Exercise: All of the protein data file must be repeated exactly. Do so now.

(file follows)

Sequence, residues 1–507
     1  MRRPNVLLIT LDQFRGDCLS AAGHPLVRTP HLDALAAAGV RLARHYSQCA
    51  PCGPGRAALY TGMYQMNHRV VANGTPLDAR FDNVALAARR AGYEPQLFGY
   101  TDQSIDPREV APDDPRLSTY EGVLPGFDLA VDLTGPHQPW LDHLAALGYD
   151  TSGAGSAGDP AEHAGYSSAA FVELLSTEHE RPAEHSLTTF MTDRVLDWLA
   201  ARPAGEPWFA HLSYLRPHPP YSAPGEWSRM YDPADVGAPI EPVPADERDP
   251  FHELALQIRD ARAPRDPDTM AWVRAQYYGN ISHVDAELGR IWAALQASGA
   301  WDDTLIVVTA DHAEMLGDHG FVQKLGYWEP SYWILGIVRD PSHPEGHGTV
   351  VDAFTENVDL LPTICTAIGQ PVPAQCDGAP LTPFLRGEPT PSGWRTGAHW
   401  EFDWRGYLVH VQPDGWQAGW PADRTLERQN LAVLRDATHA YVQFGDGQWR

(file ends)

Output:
Sequence, residues 1–507
     1  MRRPNVLLIT LDQFRGDCLS AAGHPLVRTP HLDALAAAGV RLARHYSQCA
    51  PCGPGRAALY TGMYQMNHRV VANGTPLDAR FDNVALAARR AGYEPQLFGY
   101  TDQSIDPREV APDDPRLSTY EGVLPGFDLA VDLTGPHQPW LDHLAALGYD
   151  TSGAGSAGDP AEHAGYSSAA FVELLSTEHE RPAEHSLTTF MTDRVLDWLA
   201  ARPAGEPWFA HLSYLRPHPP YSAPGEWSRM YDPADVGAPI EPVPADERDP
   251  FHELALQIRD ARAPRDPDTM AWVRAQYYGN ISHVDAELGR IWAALQASGA
   301  WDDTLIVVTA DHAEMLGDHG FVQKLGYWEP SYWILGIVRD PSHPEGHGTV
   351  VDAFTENVDL LPTICTAIGQ PVPAQCDGAP LTPFLRGEPT PSGWRTGAHW
   401  EFDWRGYLVH VQPDGWQAGW PADRTLERQN LAVLRDATHA YVQFGDGQWR